• The Benefits of Intermittent Fasting

    20 February 2019
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    Utilizing and burning stored body fat to produce energy throughout your day can aid in a more productive lifestyle, but it can also benefit your overall health and wellness. How can you convince your body to pull from its own stored fat, though? How can you get out of your daily slump? 

    Intermittent Fasting.

    Yes, fasting is an old tradition that seems to be making its comeback in today’s weight-loss trends; however, there is significant research showing us that science may support a smart and safe version of abstaining from food. Instead of purely starving the body, recent studies show that planned calorie restriction triggers a complex series of intricate events, including activation of cellular stress response elements, improved regulation on the cellular level, modification of apoptosis, and positive alteration in hormonal balance. Intermittent fasting is not only more acceptable to the body, but it also prevents some of the adverse effects of chronic calorie restriction, especially malnutrition

    Intermittent fasting is a term used to describe a variety of eating patterns in which no or few calories are consumed for time periods that can range from 12 hours to several days, on a recurring basis. Most research states the point of negative energy balance at which liver glycogen stores are depleted and fatty acids are mobilized is typically beyond 12 hours after food intake ends. This is why so many will recommend a 18:6 hour ratio, with 18 hours being fasting and 6 being calorie intake hours.

    While simply living the 18:6 hour ratio may work well, you can take it a step further and follow the eTRP (early time-restricted feeding) schedule with your meals. This plan includes eating early in the day to be in alignment with circadian rhythms in metabolism. A recent study followed pre-diabetic men during their 18:6 ratio of intermittent fasting, in which dinner always fell before 3:00pm. While weight loss was achieved, eTRF also improved insulin sensitivity, β cell responsiveness, blood pressure, oxidative stress, and appetite.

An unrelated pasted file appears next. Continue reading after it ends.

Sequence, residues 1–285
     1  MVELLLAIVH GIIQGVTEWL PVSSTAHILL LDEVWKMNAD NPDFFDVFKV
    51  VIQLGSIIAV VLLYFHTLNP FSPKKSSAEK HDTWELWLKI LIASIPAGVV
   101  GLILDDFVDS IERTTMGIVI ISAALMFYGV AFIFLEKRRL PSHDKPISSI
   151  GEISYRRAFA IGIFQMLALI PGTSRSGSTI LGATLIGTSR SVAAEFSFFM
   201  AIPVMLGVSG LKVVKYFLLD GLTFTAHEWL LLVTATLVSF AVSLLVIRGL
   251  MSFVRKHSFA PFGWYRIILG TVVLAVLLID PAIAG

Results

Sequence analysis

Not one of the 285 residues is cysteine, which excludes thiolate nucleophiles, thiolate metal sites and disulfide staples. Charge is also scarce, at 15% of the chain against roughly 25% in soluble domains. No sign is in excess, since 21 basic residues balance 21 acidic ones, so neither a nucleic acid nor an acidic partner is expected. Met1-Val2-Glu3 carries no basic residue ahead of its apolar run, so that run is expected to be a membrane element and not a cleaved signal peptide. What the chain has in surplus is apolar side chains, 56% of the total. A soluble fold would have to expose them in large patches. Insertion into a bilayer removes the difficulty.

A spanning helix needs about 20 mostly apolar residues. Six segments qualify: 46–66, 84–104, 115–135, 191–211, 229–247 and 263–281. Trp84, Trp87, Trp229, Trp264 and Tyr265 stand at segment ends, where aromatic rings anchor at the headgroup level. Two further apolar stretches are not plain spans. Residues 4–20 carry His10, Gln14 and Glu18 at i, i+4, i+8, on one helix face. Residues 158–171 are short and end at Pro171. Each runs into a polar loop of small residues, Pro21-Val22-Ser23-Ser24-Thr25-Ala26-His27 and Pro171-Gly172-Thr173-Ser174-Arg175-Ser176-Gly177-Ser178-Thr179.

Throughout a fast, your body initiates important cellular repair processes and changes hormone levels to make stored body fat more accessible. Blood levels of insulin drop significantly, which signals fat burning. Muscles grow and the blood levels of growth hormone can increase as much as 5-fold. The body is believed to be able to fight off illness faster and work toward cell repair, which leads to a longer life. There is an increase in the growth of new nerve cells, which should have numerous benefits for brain function (including preventing Alzheimers and Parkinson’s). The hours spent fasting provide the body needed time for cells to remove waste products.

    The enhanced hormone functioning that takes place during an intermittent fast triggers weight loss. Short-term fasting increases your metabolic rate by 3.6-14%, helping you burn even more calories, which aids in a quick weight loss. But the key is balance, and you must understand that any weight that is shed can be easily gained if you you do not follow through with lifestyle changes.